a common cause of poor performance in horses of all ages, predominant to young horses inflammatory airway disease IAD
the cause of IAD is said to be from inhaled foreign matter causing inflammation causing an excessive production of mucus and bronchoconstriction. both impair gas exchange in the lungs making exercise intolerabel
cytologic exam of a bronchoalveolar lavage or ttw is important to characterize the type of inflammation and rule out infectious causes
aspiration of bacteria that normally inhabit the oral cavity from choking and upper respiratory tract is called bacterial pneumonia and pleuropneumonia
clinical signs of pneumonia include exercise intolerance, fever, tachypnea, cough , bilateral mucopurulent nasal discharge, inappetence and chest pain (pleurodynia)
diagnosis of bacterial pneumonia is based on physical exam, blood work abnormalities, diagnostic imaging, c&s exam of TTW.
Cardiovascular Disease horses are usually asymptomatic however when they do occur they can indlude exercise intolerance, tachycardia, weakness, syncope (fainting) and respiratory crackles on auscultation.
techniques to diagnose cardiovascular disease include electrocardiogram ECG, echocardiogram, measurement of blood level cardiac enzymes (troponin I)
a common arrhythmia in horses, particularly fit and athletic horses is called second-degree atrioventricular AV block
how does the arrhythmia occur as the result of altered conduction through the AV node in the heart, resulting in contracture of the atria without the ventricles
why does the arrhythmia occur because of high vagal tone, electrolyte imbalances and the effects of certain medications (zylazine)
the most common clinically relevant arrhythmia in horses is called atrial fibrillation
horses are predisposed because of the large size of their atria and their high vagal tone
clinical signs of atrial fibrillation include exercise intolerance or poor performance. horses are predisposed because of the large size of their atria and their high vagal tone
treatment of AF for patients without underlying heart disease include use of quinidine via nasalgastric tube or electrical conversion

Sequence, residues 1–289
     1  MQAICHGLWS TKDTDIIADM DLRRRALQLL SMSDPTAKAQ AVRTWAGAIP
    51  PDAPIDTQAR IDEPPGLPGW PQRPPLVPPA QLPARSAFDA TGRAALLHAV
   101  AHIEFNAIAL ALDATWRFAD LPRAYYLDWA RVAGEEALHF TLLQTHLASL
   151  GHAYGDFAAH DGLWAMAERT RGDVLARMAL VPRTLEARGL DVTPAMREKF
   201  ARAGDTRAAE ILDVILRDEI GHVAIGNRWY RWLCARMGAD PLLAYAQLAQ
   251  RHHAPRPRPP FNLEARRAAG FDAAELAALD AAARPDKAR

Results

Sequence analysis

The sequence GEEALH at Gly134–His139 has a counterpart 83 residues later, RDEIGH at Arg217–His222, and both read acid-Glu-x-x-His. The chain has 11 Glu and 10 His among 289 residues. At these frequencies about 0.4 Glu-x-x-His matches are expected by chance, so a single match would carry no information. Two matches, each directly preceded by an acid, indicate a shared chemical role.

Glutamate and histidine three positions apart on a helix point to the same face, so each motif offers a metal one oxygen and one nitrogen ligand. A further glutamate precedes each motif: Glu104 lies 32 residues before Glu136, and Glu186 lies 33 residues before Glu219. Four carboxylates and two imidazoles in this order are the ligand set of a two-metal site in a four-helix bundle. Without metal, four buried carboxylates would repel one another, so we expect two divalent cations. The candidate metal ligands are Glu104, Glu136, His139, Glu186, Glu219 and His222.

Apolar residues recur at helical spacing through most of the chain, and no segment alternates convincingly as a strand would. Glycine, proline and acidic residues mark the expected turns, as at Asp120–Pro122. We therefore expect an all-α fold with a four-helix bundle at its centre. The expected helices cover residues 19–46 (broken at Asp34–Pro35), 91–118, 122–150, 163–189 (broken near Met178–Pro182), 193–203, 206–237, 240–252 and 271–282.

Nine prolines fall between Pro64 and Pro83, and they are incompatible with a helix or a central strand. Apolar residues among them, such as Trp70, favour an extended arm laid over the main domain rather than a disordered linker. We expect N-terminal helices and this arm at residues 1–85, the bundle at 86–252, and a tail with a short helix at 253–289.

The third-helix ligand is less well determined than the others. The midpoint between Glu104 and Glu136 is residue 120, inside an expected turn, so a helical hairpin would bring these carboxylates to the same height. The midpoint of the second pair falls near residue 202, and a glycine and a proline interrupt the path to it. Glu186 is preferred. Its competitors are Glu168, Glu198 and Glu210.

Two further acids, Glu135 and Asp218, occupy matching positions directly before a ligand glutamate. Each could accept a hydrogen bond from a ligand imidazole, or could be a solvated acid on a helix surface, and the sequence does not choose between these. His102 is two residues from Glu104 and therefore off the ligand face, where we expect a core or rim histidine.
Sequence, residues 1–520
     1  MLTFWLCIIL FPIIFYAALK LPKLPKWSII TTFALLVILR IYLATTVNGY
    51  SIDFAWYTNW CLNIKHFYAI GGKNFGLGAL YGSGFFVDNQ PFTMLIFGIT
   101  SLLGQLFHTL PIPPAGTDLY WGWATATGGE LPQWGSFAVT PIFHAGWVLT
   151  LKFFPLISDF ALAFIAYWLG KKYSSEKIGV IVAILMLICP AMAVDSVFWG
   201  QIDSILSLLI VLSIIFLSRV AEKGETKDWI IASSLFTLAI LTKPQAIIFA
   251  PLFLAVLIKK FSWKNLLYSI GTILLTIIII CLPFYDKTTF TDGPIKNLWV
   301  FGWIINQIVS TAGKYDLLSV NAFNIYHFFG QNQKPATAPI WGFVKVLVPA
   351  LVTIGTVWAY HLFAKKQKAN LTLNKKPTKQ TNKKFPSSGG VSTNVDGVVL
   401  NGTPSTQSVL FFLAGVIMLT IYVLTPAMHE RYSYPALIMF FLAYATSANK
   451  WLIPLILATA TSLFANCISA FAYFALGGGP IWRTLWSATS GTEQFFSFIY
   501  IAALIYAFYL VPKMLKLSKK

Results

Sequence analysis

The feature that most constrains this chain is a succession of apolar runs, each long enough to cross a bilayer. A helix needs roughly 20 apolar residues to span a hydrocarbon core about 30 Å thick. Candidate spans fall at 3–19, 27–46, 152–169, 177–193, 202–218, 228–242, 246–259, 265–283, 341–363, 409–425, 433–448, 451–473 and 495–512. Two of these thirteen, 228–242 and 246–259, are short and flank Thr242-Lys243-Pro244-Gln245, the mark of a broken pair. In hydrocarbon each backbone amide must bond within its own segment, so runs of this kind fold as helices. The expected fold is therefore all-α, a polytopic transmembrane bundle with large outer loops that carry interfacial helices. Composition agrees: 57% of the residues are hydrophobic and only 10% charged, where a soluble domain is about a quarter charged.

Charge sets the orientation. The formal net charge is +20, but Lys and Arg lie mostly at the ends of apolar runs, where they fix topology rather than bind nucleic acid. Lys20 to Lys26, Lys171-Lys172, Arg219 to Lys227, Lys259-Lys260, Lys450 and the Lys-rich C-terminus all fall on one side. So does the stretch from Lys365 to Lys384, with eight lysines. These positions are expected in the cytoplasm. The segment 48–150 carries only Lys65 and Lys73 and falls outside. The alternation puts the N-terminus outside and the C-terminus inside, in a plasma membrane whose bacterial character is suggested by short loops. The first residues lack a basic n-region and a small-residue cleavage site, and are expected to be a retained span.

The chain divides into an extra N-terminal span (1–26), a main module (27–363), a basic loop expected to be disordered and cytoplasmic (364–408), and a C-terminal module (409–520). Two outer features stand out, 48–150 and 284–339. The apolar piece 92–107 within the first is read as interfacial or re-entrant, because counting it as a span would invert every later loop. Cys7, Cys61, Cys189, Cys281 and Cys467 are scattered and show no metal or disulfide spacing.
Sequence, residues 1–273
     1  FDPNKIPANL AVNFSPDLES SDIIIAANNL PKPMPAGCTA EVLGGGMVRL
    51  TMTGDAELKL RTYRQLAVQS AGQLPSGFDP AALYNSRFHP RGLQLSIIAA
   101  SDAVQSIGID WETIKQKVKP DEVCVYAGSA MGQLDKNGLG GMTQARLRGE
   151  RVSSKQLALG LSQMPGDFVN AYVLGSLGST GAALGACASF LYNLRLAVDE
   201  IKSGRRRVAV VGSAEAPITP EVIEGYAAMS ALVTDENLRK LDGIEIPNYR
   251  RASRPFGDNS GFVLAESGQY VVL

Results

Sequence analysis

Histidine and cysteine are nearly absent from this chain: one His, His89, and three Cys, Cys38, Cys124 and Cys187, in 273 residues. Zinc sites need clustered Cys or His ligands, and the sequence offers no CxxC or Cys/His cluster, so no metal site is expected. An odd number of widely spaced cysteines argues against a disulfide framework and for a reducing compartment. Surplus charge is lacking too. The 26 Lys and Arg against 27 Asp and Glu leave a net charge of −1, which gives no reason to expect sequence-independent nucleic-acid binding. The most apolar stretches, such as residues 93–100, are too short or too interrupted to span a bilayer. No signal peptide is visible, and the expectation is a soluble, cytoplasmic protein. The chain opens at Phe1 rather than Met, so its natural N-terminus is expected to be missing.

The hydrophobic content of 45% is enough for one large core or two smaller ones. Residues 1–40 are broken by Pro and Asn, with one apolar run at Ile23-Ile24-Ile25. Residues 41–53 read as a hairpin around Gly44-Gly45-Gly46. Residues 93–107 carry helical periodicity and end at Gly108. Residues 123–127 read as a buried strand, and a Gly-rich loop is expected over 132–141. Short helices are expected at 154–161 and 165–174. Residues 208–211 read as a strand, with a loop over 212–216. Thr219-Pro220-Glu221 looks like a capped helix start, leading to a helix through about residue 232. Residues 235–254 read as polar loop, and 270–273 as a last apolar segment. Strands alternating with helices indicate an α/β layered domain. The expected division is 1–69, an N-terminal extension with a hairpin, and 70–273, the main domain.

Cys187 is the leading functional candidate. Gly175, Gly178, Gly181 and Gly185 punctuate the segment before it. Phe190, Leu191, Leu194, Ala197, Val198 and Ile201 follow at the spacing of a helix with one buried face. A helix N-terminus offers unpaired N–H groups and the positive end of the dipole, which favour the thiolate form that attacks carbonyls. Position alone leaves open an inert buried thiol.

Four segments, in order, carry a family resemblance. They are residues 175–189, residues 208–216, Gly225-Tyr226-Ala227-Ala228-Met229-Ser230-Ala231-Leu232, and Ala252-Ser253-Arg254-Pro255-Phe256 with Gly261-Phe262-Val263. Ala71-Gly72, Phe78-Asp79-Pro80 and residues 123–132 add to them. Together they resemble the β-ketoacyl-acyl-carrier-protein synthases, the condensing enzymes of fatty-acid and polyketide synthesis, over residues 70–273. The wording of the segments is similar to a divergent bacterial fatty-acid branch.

Hemolymphatic Disease a contagious viral disease that produces limb swelling, conjunctivitis, abortion and respiratory disease in horses equine viral arteritis
clinical signs of viral arteritis are painful limb swelling, and vasculitis
vaccination for viral arteritis are given to stallions infected after puberty with PI in the sex glands, and nonpregnant mares. the virus can be passed to the mares during breeding. abortion occurs at any point due to damage to the blood vessels of the placenta
This vaccine is approved for use under the supervision of the US Department of Agriculture. negative tests need to be taken before export and before vaccination
a persistent viral disease of horses that causes anemia, fever, and weight loss equine infectious anemia EIA once infected horses become permanently infected and are carriers of the virus for the rest of their lives
the virus IAE is transmitted from infected horses by large biting flies (tabanids). antibodies are produced by infected horses
to tests used to confirm the virus is Coggins test/AGID (agar gel immunodiffusion test) or ELISA (enzyme-linked immunosorbent assay) for EIA virus
to test for the virus blood must be drawn by a USDA-accredited Vet and sent to a federally or state recognized lab
results of a positive test for horses being sold or travelling out of state include the following procedures upon a positive test result the entire herd is quarantined until all members are tested. infected horses must be quarantined for life (at a distance greater than 200 yards from others) or euthanized.
a bacterial disease transmitted by biting ticks of the genus Ixodes species (Ehrilichia equi)is called Anaplasmosis or equine granulocytic ehrlichiosis
clinical signs include fever, anemia icterus, lethargy, stiffness and limb edema
treatment of the bacterial infection is IV oxytetracycline for 5 to 7 days and is a rapid response
a bacterial disease caused by infection from biting ticks of the genus Ixodes species Borrelia burgdorferi lyme disease
the most common clinical signs attributed to Lyme disease include stiffness, mild to moderate lameness in multiple limbs and behavioral changes also, chronic weight loss, skin hypersensitivity and resentment to being touched, joint swelling
diagnostic testing can be challenging but includes Western Blot, ELISA, multiplex assay and the C-6 ELISA SNAP test
treatment for Lyme disease includes oral oxytetracycline or oral doxycycline for at least 1 month. No vaccine is approved in horses, however the dog vaccine is safe to use
Created by: tnewhouse